Tympanic Membrane Perforation
What Is a Tympanic Membrane Perforation?
A tympanic membrane perforation is a hole in the eardrum. It can be caused by:
- Things stuck in the ear (cotton swab, bobby pin, pencil, etc.)
- Getting slapped on the ear
- Being close to an explosion
- Repeated ear infections (acute otitis media)
- A severe ear infection. The pressure of the pus behind the eardrum causes it to rupture.
Patients with a hole in the eardrum can develop chronic ear infections (chronic otitis media). This is caused by drainage from the ear canal (otorrhea). It can slowly wear away the middle ear ossicles, leading to permanent hearing loss.
Evaluation and Treatment of Tympanic Membrane Perforation
To determine if your child has tympanic membrane perforation, the Children’s Hearing Center team will:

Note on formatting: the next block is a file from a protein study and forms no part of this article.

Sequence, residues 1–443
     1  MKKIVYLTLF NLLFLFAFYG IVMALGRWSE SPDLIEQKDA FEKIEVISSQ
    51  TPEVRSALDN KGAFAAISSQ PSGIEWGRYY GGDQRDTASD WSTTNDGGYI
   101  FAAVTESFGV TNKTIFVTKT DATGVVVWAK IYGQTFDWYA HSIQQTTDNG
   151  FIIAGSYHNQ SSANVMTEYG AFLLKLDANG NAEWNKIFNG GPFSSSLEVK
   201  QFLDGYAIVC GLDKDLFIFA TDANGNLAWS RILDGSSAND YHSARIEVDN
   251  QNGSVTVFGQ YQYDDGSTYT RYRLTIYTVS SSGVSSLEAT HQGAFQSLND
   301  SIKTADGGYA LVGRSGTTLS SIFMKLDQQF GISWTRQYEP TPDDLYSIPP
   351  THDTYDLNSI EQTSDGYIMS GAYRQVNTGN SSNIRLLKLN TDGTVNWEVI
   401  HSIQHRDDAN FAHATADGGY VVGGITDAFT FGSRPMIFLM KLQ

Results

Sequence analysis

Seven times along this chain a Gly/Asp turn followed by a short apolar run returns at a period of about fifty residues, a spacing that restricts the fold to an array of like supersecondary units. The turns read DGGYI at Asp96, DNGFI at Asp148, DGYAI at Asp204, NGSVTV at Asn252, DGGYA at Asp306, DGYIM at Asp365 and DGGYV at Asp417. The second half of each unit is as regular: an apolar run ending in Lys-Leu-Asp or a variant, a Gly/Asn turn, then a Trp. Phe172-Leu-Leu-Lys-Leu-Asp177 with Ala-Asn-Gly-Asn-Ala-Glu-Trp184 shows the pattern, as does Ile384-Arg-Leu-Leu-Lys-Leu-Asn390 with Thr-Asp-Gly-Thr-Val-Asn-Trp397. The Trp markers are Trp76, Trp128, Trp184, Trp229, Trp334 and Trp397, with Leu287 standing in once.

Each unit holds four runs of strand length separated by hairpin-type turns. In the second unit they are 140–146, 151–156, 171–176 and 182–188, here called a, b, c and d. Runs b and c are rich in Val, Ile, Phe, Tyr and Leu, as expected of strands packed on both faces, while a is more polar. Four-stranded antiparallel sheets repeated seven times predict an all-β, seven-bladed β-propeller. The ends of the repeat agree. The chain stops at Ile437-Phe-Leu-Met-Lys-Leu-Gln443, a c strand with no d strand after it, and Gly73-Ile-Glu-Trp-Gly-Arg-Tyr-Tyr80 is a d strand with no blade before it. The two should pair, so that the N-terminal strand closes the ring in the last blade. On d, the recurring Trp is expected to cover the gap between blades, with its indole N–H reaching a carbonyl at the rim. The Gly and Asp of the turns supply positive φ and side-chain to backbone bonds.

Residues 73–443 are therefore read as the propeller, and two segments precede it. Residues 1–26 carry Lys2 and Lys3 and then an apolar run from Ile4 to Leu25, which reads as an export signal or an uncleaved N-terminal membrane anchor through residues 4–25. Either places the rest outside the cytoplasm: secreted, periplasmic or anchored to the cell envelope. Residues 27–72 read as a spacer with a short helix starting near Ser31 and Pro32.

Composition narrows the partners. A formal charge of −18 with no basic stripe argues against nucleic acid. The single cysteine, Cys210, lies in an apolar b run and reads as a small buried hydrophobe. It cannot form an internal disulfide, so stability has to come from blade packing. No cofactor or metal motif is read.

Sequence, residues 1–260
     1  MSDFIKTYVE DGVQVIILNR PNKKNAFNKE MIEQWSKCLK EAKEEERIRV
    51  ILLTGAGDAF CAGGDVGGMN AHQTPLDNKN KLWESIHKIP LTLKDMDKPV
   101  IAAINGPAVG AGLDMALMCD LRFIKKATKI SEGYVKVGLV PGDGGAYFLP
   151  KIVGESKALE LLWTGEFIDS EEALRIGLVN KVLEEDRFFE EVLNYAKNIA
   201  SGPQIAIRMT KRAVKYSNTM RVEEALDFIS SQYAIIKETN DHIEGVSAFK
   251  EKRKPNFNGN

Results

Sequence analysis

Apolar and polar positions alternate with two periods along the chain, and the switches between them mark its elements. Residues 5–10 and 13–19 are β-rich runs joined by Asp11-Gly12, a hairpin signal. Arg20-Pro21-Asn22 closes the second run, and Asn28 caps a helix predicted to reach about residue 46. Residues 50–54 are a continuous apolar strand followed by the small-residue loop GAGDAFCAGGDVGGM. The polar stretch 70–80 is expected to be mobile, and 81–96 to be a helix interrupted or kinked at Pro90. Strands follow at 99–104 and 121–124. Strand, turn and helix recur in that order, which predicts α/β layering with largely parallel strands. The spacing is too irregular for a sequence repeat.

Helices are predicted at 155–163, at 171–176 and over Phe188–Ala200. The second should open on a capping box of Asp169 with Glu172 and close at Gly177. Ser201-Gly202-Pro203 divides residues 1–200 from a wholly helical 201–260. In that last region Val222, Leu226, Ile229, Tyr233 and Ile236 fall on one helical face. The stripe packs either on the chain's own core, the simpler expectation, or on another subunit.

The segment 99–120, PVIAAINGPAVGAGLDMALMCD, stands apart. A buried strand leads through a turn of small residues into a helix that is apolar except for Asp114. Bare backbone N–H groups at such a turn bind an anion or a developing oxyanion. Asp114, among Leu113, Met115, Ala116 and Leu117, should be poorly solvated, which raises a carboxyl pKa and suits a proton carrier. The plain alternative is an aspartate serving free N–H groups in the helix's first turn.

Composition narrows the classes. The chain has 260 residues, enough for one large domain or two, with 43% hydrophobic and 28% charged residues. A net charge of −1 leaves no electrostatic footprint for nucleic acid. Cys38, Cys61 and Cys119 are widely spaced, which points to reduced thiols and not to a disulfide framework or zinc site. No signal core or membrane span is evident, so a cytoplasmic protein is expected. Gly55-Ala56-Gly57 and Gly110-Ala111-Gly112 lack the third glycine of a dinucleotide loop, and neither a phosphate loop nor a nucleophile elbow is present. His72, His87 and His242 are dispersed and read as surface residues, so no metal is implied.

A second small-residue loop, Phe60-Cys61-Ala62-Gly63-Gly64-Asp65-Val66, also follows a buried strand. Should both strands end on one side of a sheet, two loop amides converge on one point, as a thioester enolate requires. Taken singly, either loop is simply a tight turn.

- Evaluate your child’s hearing
- Examine your child’s ear with a microscope
- Request a computed tomography (CT) scan, if needed, to determine the extent of the disease. The CT scan can also provide images to guide surgery.
Tympanoplasty is the name of the surgery performed to repair your child’s eardrum hole. Surgery is performed in the Lucile Packard Children’s Hospital Ford Family Surgery Center. Learn more about the operating rooms and how to help prepare your child for surgery.
Tympanic Membrane Perforation Surgery Outcomes
The rate of successful eardrum hole repair is 90-95 percent. The surgery’s success rate is better if the ear is dry and uninfected. The success rate is lower if your child has had a previous tympanoplasty that did not work. Complete repair is not possible in children with poor Eustachian tube function.